“A SLOW COACH. – The Edinburgh and Hawick coach, which left Princes Street, Edinburgh on Saturday afternoon at 4pm  did not reach the Bridge Inn, Galashiels, until about 10pm; thus accomplishing the distance of thirty-two miles in the astonishing period of six hours!   

The pace was such that an ordinary pedestrian would have found little difficulty in keeping up with the coach. The road was by no means heavy, although in some places newly laid with metal. The coachman did his duty well with whip and voice, constantly urging forward his jaded steeds, and employing the box seat passenger to assist him with a spare thong.
But it was all of no avail. The animals would not move one foot faster than another. Up hill or down hill there was little perceptible difference, and several times the vehicle came to a dead halt, almost on a level.

The coach was full from Edinburgh, but a passenger having been let down on the road, another person was taken up. In spite of the loud remonstrances of the passengers, a second was buckled on behind, and a third was allowed standing room beside him. It appears there is now no restriction as to the number a stage coach may carry, and consequently three poor miserable horses were forced to drag, throughout a weary stage of fifteen miles, a heavy coach loaded with eighteen or twenty persons.

If there is any law against cruelty to animals, surely it must apply to a case like this. Whatever grievances attend railway traveling, it will be something, at least, to get rid of this wholesome horse murder.”
Reports on accidents,  present a graphic picture of the perils facing passengers and  (and pedestrian) alike.

"The Kelso Chronicle": - 16 June 1837: 

"ACCIDENT. – On Tuesday evening when the coach from Kelso had passed Ord, the reins broke, and the driver left his seat, and went along the pole to recover them. His foot slipped, and he fell between the pole and the horses to the ground. Fortunately, the wheels passed on both sides of him, and he escaped with no other injury than a slight blow to the head.The horses set off at rapid pace, and ran through Tweedmouth. The passengers kept their seats, and the horses while running furiously along the bridge, were stopped by a young man named Robert Robertson, who, with great personal risk, seized the horses’ head.Had they not been stopped, in all probability, from the speed with which they were proceeding, the coach would have been upset at the turn of Bridge Street.  The conduct of the young man deserves great praise.”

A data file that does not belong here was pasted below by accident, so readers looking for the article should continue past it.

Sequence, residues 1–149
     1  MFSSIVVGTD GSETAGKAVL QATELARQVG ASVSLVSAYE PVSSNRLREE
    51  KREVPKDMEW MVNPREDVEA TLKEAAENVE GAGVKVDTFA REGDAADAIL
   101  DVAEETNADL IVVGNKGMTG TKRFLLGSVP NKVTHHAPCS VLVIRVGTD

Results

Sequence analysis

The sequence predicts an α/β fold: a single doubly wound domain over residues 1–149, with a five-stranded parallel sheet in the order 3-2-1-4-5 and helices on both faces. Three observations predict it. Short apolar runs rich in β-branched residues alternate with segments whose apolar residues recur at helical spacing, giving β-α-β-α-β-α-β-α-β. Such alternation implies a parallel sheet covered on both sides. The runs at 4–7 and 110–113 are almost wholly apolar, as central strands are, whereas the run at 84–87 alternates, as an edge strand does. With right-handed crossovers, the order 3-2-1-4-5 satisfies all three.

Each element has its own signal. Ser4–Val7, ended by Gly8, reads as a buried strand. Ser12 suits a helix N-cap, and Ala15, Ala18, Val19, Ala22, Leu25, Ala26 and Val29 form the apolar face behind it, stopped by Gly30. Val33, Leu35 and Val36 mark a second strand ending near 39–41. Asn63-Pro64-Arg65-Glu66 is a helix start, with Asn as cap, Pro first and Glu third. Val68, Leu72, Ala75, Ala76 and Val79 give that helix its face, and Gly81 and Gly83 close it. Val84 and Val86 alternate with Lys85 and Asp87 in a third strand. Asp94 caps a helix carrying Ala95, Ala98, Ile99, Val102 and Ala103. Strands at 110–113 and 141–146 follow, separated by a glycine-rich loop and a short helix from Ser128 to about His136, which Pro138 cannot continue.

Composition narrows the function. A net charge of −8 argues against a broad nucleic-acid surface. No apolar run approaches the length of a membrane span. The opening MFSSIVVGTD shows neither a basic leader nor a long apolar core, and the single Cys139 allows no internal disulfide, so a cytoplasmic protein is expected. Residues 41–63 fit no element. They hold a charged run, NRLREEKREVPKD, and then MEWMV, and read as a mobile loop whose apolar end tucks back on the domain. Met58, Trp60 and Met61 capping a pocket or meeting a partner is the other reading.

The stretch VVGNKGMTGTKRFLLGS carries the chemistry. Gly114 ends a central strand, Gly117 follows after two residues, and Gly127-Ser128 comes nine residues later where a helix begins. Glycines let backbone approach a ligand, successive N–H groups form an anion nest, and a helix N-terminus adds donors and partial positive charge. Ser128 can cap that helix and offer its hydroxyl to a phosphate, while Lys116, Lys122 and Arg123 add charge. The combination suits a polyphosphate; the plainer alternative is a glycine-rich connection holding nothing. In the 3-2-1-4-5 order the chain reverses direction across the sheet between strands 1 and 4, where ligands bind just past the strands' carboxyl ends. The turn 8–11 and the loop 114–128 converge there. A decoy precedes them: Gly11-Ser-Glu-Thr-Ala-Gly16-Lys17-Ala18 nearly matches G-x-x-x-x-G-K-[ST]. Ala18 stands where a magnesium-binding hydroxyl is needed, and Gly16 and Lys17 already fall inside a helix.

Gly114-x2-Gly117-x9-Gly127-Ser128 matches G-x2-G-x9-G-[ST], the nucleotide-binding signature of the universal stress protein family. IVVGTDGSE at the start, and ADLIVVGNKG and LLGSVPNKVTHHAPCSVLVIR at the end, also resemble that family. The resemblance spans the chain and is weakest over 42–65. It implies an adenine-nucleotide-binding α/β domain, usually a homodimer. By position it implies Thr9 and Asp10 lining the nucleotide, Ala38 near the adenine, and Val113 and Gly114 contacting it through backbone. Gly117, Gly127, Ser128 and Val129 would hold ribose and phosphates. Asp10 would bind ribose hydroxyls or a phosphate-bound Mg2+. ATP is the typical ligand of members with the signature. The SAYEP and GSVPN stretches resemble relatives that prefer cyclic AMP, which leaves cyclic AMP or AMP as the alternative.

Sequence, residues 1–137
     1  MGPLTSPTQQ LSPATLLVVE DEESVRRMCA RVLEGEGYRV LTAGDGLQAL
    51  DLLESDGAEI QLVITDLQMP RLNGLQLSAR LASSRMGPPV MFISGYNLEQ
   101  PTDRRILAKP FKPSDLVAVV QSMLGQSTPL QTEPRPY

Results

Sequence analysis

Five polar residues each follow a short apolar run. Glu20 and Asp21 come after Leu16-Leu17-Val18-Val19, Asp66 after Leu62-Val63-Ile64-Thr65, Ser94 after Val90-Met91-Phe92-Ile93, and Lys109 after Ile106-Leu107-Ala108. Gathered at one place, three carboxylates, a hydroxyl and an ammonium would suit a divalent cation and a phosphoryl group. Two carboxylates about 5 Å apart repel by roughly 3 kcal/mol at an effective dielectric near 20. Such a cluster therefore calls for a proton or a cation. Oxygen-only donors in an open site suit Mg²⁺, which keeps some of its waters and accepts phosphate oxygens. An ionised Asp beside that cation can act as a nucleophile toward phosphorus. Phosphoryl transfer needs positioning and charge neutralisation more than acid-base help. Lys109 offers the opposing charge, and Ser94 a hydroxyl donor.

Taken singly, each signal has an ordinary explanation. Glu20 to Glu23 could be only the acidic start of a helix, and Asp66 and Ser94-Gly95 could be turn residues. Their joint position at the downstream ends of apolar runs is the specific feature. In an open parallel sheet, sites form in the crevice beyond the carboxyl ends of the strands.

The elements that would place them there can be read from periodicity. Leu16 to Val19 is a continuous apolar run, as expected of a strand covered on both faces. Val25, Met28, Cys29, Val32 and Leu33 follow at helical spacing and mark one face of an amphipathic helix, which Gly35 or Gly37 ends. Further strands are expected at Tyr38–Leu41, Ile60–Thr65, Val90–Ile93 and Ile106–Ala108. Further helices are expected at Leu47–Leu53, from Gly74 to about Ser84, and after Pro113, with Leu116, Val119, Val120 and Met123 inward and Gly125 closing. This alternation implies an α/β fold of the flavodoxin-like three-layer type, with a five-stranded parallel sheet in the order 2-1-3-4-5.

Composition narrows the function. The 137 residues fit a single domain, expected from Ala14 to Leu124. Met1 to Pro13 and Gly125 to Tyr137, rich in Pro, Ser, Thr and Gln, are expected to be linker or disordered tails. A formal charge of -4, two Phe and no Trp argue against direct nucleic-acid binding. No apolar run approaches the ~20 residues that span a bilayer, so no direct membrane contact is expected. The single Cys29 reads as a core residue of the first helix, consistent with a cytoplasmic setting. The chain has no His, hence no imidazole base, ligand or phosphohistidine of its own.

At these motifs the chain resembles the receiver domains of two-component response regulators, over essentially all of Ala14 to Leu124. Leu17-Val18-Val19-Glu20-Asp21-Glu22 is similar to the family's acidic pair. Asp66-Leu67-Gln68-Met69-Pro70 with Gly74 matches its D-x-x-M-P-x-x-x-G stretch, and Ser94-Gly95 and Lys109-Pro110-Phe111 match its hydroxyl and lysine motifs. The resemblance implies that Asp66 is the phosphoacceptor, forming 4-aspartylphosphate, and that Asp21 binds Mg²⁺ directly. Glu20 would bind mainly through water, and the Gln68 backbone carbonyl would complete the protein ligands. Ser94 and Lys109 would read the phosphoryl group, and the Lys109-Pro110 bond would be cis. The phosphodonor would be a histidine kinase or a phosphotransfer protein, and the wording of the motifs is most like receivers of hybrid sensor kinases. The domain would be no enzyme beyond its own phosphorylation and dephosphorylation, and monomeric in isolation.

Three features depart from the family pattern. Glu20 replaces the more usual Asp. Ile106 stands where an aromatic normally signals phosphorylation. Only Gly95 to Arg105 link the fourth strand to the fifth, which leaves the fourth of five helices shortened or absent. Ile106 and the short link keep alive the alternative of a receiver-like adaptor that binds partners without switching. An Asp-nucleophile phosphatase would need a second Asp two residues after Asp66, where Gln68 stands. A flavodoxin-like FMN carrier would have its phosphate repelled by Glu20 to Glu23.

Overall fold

"The Kelso Chronicle" -  4 October 1844:
“WONDERFUL ESCAPE. – As the Defiance Coach was leaving the town on Friday last, a girl, about 10 years of age, daughter of Mr. Ferguson, tailor, who was hastily crossing the High Street, and not perceiving the coach, ran in betwixt the fore and hind horses, by which she was struck down, when the horses and coach went over her, to the horror of the spectators, who could do nothing to save her. The wheels on the one side passed over one of her legs, bruising it most severely in two places, while the opposite wheels went over the top of her bonnet, close to the head, but without doing any injury. The poor girl’s thigh was also much bruised, apparently by one of the horses’ feet. We are glad to state that she is recovering from the effects of her injuries.”.

The development of the railways marked the end for stagecoaches  but the iconic image remains of a mode of travel that still captures our imagination. especially at Christmas time.  

Border Highways by John James Mackay, 1998 
Local newspapers of the Scottish Borders 


  1. Thanks Sue for a very interesting article. Happy Holidays.

  2. Great descriptions. I'm glad I don't have to take a stage coach anywhere!